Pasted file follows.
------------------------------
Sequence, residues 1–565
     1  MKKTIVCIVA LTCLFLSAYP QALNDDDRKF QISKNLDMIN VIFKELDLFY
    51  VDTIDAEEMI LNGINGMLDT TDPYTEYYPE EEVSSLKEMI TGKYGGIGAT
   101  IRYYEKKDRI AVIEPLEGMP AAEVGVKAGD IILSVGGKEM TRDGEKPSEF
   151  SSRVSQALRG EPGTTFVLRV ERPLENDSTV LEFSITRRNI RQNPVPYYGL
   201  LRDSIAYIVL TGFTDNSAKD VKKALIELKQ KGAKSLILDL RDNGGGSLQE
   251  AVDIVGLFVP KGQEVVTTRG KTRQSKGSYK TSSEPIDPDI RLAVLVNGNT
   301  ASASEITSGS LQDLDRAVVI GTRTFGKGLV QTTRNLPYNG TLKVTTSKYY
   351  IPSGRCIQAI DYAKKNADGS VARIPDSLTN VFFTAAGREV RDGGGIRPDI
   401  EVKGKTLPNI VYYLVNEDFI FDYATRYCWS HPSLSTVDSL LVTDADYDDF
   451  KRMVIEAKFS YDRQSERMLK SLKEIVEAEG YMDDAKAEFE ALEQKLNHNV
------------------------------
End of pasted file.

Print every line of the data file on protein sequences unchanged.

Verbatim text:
Sequence, residues 1–565
     1  MKKTIVCIVA LTCLFLSAYP QALNDDDRKF QISKNLDMIN VIFKELDLFY
    51  VDTIDAEEMI LNGINGMLDT TDPYTEYYPE EEVSSLKEMI TGKYGGIGAT
   101  IRYYEKKDRI AVIEPLEGMP AAEVGVKAGD IILSVGGKEM TRDGEKPSEF
   151  SSRVSQALRG EPGTTFVLRV ERPLENDSTV LEFSITRRNI RQNPVPYYGL
   201  LRDSIAYIVL TGFTDNSAKD VKKALIELKQ KGAKSLILDL RDNGGGSLQE
   251  AVDIVGLFVP KGQEVVTTRG KTRQSKGSYK TSSEPIDPDI RLAVLVNGNT
   301  ASASEITSGS LQDLDRAVVI GTRTFGKGLV QTTRNLPYNG TLKVTTSKYY
   351  IPSGRCIQAI DYAKKNADGS VARIPDSLTN VFFTAAGREV RDGGGIRPDI
   401  EVKGKTLPNI VYYLVNEDFI FDYATRYCWS HPSLSTVDSL LVTDADYDDF
   451  KRMVIEAKFS YDRQSERMLK SLKEIVEAEG YMDDAKAEFE ALEQKLNHNV